We can discuss problems after the Camps, its time isn't O(1) while the time to discuss during the Camp is. :P

Q: Who are the other TopCoder members to influence you the most?
A: XuChuan, sghao126, gy (they taught me in the programming class), SpaceFlyer and LiuYuChen(they're my school mates, and we often discussed problems). Moreover sghao126 let me know the importance of coding skill. Thanks to all of them :).

Q: What are other places apart from TopCoder where you solve problems for practicing?
A: Apart from TopCoder I usually go for Ural [ed: as of writing, yuhch123 has completed over 400 problems at Timus], SGU and SPOJ.

SIDE NOTE: Here are the links to yuhch123's profiles on Ural, SGU and SPOJ -

  1. On Timus Online Judge
  2. On SGU
  3. On SPOJ

Q: How do you practice to improve your programming skills? What advice would you like to give for the beginners to improve?
A: Algorithm skill is more important than coding skill. I usually solve problems at online judges to improve algorithm skill, and attend SRMs to improve coding skill. (Although algorithm skill is more important than the latter, but the difference of importance between them isn't that large. So do not leave TopCoder. :P )

Trying to solve problems on your own is also important. During the process, one can learn how to design test data (especially tricky ones), how to find the bug quickly and so on. I will not ask others unless I really can't solve it.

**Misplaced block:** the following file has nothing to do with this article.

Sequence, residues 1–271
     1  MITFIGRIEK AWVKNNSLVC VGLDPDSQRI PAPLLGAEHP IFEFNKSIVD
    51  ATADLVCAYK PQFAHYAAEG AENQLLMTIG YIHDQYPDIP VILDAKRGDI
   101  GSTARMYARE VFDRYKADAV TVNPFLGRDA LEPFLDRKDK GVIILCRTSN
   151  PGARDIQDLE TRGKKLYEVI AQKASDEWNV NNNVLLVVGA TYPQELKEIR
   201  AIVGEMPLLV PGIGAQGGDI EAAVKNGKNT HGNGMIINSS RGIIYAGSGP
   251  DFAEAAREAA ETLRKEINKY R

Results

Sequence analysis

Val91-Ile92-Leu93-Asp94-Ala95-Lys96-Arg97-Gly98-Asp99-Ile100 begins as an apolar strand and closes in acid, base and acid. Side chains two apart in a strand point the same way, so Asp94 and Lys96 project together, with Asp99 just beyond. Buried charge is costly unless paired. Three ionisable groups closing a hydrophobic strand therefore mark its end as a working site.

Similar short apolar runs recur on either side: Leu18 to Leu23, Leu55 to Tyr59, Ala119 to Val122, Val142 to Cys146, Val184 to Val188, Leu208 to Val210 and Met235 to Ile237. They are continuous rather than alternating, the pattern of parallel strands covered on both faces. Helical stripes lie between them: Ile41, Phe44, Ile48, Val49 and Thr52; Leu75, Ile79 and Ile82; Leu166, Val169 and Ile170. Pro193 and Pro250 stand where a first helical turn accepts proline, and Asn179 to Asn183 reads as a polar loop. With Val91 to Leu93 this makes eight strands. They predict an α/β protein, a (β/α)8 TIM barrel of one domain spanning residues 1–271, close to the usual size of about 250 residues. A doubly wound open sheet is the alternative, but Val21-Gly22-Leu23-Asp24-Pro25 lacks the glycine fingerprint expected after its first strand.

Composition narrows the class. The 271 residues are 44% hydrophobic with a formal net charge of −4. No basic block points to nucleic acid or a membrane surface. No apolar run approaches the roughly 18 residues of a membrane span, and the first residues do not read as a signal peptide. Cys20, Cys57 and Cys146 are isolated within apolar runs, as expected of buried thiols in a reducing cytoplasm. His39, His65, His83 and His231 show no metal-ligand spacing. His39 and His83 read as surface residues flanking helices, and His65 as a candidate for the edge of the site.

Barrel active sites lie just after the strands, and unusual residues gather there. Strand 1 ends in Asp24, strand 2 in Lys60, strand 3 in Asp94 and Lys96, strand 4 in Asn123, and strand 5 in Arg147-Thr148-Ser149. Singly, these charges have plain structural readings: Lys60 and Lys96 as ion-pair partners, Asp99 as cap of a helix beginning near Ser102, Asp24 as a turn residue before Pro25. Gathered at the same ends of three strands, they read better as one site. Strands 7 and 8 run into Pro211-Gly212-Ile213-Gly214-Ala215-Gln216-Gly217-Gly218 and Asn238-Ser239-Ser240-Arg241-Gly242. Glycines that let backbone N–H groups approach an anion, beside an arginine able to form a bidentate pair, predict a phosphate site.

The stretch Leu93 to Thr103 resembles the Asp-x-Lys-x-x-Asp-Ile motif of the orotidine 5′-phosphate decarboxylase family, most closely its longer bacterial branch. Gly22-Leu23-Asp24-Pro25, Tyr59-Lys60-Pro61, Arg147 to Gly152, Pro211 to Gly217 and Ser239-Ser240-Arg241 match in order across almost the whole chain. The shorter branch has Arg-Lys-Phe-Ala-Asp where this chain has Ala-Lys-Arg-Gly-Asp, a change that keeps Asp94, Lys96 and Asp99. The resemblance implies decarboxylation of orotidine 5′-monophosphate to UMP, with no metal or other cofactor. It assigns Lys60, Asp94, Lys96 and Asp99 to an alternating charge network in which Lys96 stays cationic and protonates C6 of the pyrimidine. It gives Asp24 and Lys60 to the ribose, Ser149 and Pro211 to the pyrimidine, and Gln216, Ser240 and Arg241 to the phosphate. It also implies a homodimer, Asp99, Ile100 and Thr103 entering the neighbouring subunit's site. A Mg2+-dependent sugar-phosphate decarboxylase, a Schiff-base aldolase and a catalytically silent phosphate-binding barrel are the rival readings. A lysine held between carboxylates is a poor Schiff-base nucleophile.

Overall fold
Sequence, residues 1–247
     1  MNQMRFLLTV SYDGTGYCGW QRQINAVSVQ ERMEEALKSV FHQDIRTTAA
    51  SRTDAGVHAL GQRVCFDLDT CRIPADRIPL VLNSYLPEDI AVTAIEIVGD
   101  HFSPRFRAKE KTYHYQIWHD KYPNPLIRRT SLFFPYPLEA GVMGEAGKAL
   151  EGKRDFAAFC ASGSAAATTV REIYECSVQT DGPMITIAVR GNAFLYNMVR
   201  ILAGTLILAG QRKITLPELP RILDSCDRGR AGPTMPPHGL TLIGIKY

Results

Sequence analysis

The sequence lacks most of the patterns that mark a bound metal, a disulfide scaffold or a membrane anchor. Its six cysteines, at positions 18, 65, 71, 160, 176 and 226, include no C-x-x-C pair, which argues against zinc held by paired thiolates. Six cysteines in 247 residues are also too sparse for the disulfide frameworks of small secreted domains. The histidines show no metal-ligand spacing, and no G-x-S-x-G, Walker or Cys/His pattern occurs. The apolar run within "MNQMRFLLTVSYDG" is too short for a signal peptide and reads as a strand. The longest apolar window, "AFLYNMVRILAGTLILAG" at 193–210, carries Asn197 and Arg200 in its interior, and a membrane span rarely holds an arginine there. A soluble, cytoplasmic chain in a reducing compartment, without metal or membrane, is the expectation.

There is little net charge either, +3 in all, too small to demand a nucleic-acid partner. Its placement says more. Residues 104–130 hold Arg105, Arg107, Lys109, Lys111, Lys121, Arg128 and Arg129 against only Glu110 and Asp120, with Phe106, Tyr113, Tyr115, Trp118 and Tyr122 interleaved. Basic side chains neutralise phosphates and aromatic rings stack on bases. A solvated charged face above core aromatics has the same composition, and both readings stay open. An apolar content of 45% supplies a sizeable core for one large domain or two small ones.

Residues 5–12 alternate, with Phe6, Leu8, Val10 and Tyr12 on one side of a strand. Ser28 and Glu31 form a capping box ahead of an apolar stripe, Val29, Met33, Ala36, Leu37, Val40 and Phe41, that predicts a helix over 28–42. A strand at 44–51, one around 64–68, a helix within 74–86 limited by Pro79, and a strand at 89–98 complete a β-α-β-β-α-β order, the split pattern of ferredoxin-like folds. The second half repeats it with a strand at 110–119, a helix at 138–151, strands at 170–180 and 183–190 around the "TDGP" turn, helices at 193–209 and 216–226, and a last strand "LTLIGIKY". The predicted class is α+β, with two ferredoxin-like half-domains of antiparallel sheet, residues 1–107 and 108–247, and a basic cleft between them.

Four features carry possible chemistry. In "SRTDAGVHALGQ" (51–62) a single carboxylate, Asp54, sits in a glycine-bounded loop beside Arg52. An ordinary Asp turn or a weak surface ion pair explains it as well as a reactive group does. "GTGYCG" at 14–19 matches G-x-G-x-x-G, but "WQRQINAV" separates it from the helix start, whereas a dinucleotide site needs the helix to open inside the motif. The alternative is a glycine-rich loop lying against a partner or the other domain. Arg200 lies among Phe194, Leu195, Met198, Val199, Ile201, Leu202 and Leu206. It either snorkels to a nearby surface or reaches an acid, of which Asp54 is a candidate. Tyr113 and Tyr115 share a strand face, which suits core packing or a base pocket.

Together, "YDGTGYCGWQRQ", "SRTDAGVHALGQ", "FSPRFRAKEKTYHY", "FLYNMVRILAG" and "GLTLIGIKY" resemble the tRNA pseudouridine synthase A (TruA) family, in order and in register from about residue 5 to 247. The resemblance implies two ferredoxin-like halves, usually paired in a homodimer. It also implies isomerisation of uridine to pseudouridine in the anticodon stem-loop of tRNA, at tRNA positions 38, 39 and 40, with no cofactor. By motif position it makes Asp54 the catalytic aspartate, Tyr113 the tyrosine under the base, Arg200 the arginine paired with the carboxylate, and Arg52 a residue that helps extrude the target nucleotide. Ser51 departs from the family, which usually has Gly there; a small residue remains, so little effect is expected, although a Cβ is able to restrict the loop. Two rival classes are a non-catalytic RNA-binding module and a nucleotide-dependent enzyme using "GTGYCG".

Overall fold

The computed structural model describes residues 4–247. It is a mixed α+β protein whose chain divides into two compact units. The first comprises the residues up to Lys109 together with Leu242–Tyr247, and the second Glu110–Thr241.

Q: What do you do for fun other than programming?
A: I usually play table tennis and run a middle distance running most days of the week.

Q: What University are you planning to attend in future? What is your dream ACM ICPC team :) ?
A: I will attend Tsinghua University this September. I'm not sure if I will compete in ACM ICPC competitions.

Q: What is it that you don't like about ACM ICPC competitions?
A: Probably it will take too much time to practice and make me miss some important things. (If I attend it in the future, then it's because I don't want to miss some other important things. :))

Q: What according to you is more important to excel in competitions - practice or theoretical knowledge?
A: I think if in the competition one is allowed to use pre-written code, theoretical knowledge is more important, otherwise practical knowledge. For example, in OI competitions (Olympiad in Informatics), one can't use any information other than that in the test paper and in the brain. So it's not very possible to write something extremely difficult to code but with relatively good efficiency, such as Voronoi diagrams, dynamic trees and so on. They perform well in theory while bad in practice. But in the ICPC style competitions, it's the opposite. You can just type whatever data structures and base algorithms following the paper without considering what if I make any mistakes and can't find it.

Q: Would you like to recommend any books/research papers/articles on algorithms which you have found interesting?
A: The well-known Introduction to Algorithms (CLRS) is an extraordinarily good book. It introduces a lot of usual data structures and algorithms, and almost all of them have a great use in competitions. Moreover TAOCP (The Art Of Computer Programming) and Concrete Mathematics from Donald Knuth are great. But it's pity that I haven't had enough time to read them fully. :(